Monschau Castle is first recorded in 1217 as castrum in Munjoje by Archbishop Engelbert I of Cologne. It was expanded in the middle of the 14th century into a fortress for the counts of Jülich and equipped with mighty ring walls and wall walks. In 1543 troops of Emperor Charles V besieged the site with heavy guns, captured it and plundered it together with the town of Monschau.
In the early 19th century the French administration declared the castle to be state property and sold it to a private buyer who had the roofs removed in 1836 and 1837 in order to avoid building tax. As a result, the castle fell into ruins until, in the early 20th century, the government of the Rhine province secured and repaired it. After the First World War a youth hostel was opened in the west wing. So Monschau Castle survived as a 'youth castle' (Jugendburg).
Within sight of the castle, on the other side of town, is another fortification, the Haller. It is disputed as to whether it was an outpost of the castle, a detached watchtower or the remains of an older castle site.References:
Château de Falaise is best known as a castle, where William the Conqueror, the son of Duke Robert of Normandy, was born in about 1028. William went on to conquer England and become king and possession of the castle descended through his heirs until the 13th century when it was captured by King Philip II of France. Possession of the castle changed hands several times during the Hundred Years' War. The castle was deserted during the 17th century. Since 1840 it has been protected as a monument historique.
The castle (12th–13th century), which overlooks the town from a high crag, was formerly the seat of the Dukes of Normandy. The construction was started on the site of an earlier castle in 1123 by Henry I of England, with the 'large keep' (grand donjon). Later was added the 'small keep' (petit donjon). The tower built in the first quarter of the 12th century contained a hall, chapel, and a room for the lord, but no small rooms for a complicated household arrangement; in this way, it was similar to towers at Corfe, Norwich, and Portchester, all in England. In 1202 Arthur I, Duke of Brittany was King John of England's nephew, was imprisoned in Falaise castle's keep. According to contemporaneous chronicler Ralph of Coggeshall, John ordered two of his servants to mutilate the duke. Hugh de Burgh was in charge of guarding Arthur and refused to let him be mutilated, but to demoralise Arthur's supporters was to announce his death. The circumstances of Arthur's death are unclear, though he probably died in 1203.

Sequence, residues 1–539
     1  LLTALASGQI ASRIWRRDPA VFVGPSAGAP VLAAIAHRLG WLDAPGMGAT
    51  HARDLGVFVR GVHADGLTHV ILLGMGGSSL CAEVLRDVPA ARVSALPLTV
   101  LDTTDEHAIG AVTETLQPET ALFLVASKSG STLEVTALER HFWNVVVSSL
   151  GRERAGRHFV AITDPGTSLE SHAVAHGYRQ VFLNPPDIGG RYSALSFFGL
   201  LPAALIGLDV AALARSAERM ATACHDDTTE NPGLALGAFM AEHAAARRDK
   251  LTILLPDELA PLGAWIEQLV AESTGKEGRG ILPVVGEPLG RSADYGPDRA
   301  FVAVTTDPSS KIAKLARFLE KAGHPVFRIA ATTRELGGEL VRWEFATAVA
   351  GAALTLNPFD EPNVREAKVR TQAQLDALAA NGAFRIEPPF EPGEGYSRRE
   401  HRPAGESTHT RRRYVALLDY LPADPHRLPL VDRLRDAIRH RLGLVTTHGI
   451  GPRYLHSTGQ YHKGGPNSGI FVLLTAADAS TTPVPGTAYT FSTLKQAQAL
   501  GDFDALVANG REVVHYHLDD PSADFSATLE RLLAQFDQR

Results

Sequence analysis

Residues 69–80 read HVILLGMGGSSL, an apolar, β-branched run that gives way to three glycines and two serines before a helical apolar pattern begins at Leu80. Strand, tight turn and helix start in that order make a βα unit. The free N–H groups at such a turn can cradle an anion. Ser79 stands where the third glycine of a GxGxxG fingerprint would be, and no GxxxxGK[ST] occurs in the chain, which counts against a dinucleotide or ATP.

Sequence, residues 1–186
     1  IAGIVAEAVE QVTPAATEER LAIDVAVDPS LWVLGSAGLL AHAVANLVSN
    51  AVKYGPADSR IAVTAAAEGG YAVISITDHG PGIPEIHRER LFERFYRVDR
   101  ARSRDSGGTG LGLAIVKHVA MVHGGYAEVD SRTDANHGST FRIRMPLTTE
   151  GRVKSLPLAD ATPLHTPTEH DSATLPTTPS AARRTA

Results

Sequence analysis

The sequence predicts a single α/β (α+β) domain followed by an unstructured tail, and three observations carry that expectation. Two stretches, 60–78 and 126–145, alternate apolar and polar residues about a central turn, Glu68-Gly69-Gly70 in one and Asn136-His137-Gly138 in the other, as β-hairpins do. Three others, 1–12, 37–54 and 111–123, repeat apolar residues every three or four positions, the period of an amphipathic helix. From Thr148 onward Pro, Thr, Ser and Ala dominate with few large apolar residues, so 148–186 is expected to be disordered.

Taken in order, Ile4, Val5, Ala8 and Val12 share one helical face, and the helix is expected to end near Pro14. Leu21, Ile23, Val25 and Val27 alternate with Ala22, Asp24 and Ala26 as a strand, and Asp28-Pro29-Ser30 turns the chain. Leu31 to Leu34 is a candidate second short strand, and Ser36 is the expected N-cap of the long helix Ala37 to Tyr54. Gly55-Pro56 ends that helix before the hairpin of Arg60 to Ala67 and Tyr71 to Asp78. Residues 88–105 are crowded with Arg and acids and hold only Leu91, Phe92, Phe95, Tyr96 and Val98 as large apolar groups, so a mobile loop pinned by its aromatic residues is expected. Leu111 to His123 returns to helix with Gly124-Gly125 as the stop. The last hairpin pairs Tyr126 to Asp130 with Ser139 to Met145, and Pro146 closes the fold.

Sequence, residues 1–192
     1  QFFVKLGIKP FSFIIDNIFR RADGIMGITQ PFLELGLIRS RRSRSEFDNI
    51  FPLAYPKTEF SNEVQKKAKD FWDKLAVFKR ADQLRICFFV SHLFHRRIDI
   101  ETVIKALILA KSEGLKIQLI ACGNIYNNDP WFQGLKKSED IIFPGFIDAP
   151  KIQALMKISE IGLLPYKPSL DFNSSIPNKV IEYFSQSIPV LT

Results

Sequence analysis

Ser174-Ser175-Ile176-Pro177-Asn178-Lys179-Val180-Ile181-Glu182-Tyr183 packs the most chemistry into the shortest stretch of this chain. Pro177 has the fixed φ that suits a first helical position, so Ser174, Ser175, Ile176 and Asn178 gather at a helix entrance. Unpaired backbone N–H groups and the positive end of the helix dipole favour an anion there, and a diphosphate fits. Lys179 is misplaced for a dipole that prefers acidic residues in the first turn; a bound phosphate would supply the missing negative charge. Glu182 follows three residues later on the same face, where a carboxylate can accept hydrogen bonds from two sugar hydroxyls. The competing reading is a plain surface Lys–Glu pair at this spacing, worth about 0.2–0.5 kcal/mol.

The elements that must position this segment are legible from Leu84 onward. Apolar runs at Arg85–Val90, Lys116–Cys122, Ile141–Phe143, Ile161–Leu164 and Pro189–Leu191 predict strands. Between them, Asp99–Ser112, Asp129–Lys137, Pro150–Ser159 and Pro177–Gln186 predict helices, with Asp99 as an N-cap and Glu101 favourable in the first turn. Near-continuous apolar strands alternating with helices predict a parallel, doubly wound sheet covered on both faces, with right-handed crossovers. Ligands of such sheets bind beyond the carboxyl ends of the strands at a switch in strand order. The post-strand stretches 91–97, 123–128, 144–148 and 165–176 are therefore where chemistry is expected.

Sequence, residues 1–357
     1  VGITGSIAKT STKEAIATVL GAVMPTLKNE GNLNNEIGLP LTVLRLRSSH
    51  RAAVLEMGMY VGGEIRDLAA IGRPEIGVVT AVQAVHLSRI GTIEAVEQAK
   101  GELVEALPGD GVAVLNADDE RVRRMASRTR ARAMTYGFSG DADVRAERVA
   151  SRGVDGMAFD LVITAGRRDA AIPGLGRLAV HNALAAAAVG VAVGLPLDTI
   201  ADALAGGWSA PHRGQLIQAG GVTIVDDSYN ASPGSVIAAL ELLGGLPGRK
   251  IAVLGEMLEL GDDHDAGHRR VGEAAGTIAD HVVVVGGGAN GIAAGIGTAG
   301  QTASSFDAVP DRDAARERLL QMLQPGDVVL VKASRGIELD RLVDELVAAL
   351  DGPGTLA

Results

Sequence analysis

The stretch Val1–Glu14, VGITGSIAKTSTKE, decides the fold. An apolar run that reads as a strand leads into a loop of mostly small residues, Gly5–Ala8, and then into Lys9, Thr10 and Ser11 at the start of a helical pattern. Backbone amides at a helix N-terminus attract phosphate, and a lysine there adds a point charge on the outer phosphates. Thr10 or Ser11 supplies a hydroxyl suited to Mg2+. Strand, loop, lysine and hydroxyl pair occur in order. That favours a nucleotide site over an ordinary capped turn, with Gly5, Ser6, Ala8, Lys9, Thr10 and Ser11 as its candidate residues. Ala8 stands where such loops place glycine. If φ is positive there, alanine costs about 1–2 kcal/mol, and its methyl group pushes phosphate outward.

In about 1207, after having conquered Normandy, Philip II Augustus ordered the building of a new cylindrical keep. It was later named the Talbot Tower (Tour Talbot) after the English commander responsible for its repair during the Hundred Years' War. It is a tall round tower, similar design to the towers built at Gisors and the medieval Louvre.Possession of the castle changed hands several times during the Hundred Years' War. The castle was deserted during the 17th century. Since 1840, Château de Falaise has been recognised as a monument historique by the French Ministry of Culture.
A programme of restoration was carried out between 1870 and 1874. The castle suffered due to bombardment during the Second World War in the battle for the Falaise pocket in 1944, but the three keeps were unscathed.